Note : The example above needs to be root

Note 2 (according to @skplunkerin) : do not add spaces after the commas in {dir1,dir2,dir3}

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    NOTE: do not add spaces after the commas in {dir1,dir2,dir3} – skplunkerin Jan 30 '17 at 23:51
  • Thanks, handy when grep'ing through SVN workspace: grep -Irsn --exclude-dir=.svn 'foo' . – RAM237 Aug 8 '17 at 15:41
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    You can just provide the --exclude-dir option multiple times. – Walf Aug 15 '17 at 1:52

This syntax


is expanded by the shell (e.g. Bash), not by grep, into this:

--exclude-dir=dir1 --exclude-dir=dir2

Quoting will prevent the shell from expanding it, so this won't work:

--exclude-dir='{dir1,dir2}'    <-- this won't work

The patterns used with --exclude-dir are the same kind of patterns described in the man page for the --exclude option:

    Skip files whose base name matches GLOB (using wildcard matching).
    A file-name glob can use *, ?, and [...]  as wildcards, and \ to
    quote a wildcard or backslash character literally.

The shell will generally try to expand such a pattern itself, so to avoid this, you should quote it:


You can use the curly braces and quoted exclude patterns together like this:


A pattern can span multiple path segments:


This would exclude a directory like topdir/something/else.


Frequently use this:

grep can be used in conjunction with -r (recursive), i (ignore case) and -o (prints only matching part of lines). To exclude files use --exclude and to exclude directories use --exclude-dir.

Putting it together you end up with something like:

grep -rio --exclude={filenames comma separated} \
--exclude-dir={directory names comma separated} <search term> <location>

Describing it makes it sound far more complicated than it actually is. Easier to illustrate with a simple example.


Suppose I am searching for current project for all places where I explicitly set the string value debugger during a debugging session, and now wish to review / remove.

I write a script called findDebugger.sh and use grep to find all occurrences. However:

For file exclusions - I wish to ensure that .eslintrc is ignored (this actually has a linting rule about debugger so should be excluded). Likewise, I don't want my own script to be referenced in any results.

For directory exclusions - I wish to exclude node_modules as it contains lots of libraries that do reference debugger and I am not interested in those results. Also I just wish to omit .idea and .git hidden directories because I don't care about those search locations either, and wish to keep the search performant.

So here is the result - I create a script called findDebugger.sh with:

#!/usr/bin/env bash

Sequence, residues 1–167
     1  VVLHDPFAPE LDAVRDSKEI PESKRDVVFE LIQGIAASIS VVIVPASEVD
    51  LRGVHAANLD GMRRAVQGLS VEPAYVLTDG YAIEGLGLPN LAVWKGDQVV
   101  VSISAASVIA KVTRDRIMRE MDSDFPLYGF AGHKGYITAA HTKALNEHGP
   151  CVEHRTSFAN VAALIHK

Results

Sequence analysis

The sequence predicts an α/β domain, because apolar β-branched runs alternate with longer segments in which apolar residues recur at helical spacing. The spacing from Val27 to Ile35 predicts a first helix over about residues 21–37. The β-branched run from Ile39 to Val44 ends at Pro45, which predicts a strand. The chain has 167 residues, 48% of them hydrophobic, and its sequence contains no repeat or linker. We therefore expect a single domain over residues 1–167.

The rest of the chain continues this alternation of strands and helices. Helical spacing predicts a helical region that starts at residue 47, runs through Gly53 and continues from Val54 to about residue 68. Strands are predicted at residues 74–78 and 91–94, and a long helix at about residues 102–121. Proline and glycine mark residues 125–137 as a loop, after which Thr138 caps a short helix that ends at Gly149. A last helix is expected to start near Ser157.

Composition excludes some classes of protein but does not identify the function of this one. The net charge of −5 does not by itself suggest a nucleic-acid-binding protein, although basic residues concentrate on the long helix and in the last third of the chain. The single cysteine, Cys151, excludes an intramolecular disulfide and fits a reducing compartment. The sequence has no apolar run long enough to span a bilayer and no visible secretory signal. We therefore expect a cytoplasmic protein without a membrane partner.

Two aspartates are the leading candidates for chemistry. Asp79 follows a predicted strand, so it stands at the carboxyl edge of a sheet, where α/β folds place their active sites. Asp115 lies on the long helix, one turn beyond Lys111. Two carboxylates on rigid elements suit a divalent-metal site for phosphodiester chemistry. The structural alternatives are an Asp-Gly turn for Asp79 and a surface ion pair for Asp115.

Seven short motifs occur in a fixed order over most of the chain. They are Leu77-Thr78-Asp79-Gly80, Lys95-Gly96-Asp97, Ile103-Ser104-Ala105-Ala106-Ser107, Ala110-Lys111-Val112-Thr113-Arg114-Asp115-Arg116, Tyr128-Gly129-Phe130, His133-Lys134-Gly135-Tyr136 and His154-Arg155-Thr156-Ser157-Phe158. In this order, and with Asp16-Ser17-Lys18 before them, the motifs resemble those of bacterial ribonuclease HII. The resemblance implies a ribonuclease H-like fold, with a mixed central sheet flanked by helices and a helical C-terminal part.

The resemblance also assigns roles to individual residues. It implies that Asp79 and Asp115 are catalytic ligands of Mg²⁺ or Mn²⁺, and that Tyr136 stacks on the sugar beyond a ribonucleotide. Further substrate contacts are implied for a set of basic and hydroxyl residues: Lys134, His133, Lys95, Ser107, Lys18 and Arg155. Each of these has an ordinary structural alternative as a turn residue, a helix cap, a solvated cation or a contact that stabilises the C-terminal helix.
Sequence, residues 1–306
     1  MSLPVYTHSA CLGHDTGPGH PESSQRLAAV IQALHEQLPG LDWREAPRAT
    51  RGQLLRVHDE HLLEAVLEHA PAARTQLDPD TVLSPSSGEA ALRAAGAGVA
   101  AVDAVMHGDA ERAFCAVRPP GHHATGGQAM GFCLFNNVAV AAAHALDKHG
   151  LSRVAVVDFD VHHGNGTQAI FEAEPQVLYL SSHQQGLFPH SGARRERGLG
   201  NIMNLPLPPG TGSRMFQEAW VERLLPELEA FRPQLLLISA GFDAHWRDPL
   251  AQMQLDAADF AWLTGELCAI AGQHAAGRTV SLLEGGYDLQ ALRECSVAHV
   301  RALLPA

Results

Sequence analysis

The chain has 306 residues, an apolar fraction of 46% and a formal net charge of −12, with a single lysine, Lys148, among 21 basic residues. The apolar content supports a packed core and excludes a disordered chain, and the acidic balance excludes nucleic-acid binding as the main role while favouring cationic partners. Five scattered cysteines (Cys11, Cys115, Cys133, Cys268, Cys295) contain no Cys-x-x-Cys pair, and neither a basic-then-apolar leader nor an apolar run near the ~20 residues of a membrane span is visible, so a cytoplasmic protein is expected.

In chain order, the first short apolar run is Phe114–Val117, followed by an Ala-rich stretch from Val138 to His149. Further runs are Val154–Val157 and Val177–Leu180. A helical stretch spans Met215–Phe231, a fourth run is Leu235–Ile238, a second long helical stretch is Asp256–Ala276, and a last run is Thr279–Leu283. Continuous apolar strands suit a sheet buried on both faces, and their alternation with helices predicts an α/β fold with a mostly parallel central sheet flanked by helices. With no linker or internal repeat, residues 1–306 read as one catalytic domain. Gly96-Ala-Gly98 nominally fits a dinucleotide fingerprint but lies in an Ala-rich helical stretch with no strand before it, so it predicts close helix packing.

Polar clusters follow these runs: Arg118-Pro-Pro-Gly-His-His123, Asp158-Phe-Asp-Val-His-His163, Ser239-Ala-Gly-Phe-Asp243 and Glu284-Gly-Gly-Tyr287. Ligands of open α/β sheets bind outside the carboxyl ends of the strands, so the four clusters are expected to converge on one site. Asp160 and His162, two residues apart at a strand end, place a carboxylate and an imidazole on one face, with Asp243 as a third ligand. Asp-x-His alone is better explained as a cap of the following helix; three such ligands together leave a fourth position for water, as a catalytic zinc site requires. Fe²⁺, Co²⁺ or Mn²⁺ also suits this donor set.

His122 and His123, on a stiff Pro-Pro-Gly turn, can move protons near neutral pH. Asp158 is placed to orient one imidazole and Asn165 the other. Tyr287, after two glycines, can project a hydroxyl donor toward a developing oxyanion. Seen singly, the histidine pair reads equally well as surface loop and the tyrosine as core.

grep -rio --exclude={.eslintrc,findDebugger.sh} \
--exclude-dir={node_modules,.idea,.git} debugger .
  • I believe the "r" option should be printed with an upper case "-R". – hornetbzz Mar 12 '18 at 18:01
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    Interesting. "r" has always worked for me on nix and mac. – arcseldon Mar 13 '18 at 2:34

You could try something like grep -R search . | grep -v '^node_modules/.*'

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    Not such a good solution in some cases. For example: If 'node_modules' directory is a huge one with lots of false positive matches (hence the need to filter out the directory) then the first grep is wasting a lot of time searching through a sub-directory and THEN the second grep filtering out the matches. It's faster to exclude node_modules in the first grep itself. – GuruM Dec 13 '12 at 8:22
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    i don't care about the slowness, I can look at the command and know what it does – Funkodebat Apr 22 '14 at 18:39
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    Ditto for Guru's comment. A grep of /var hangs when it hits /var/run in my case. Hence the reason I want to avoid the directory in the first place. – jww Aug 31 '15 at 9:48
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    --exclude-dir is the best solution as of 2016. – Omar Tariq Dec 13 '16 at 22:00

Very useful, especially for those dealing with Node.js where we want to avoid searching inside "node_modules":

find ./ -not -path "*/node_modules/*" -name "*.js" | xargs grep keyword

If you are grepping for code in a git repository and node_modules is in your .gitignore, you can use git grep. git grep searches the tracked files in the working tree, ignoring everything from .gitignore

git grep "STUFF"

this one works for me

grep <stuff> -R --exclude-dir=<your_dir>

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    How is this answer different from what has already been posted? – aexl Aug 24 '17 at 20:11

A simple working command:

root/dspace# grep -r --exclude-dir={log,assetstore} "creativecommons.org"

Above I grep for text "creativecommons.org" in current directory "dspace" and exclude dirs {log,assetstore}.


  • Neat, including several directories in brackets – Mijo Nov 15 '17 at 19:49
find . ! -name "node_modules" -type d 
  • 1
    You can pass the above coomand to "grep -R" by pipe and xargs ... – Jack Dec 28 '11 at 12:38

A simpler way would be to filter your results using "grep -v".

grep -i needle -R * | grep -v node_modules

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    This is effectively the same answer DipSwitch provided 3 years earlier. It has the same problems, too. – jww Aug 31 '15 at 9:53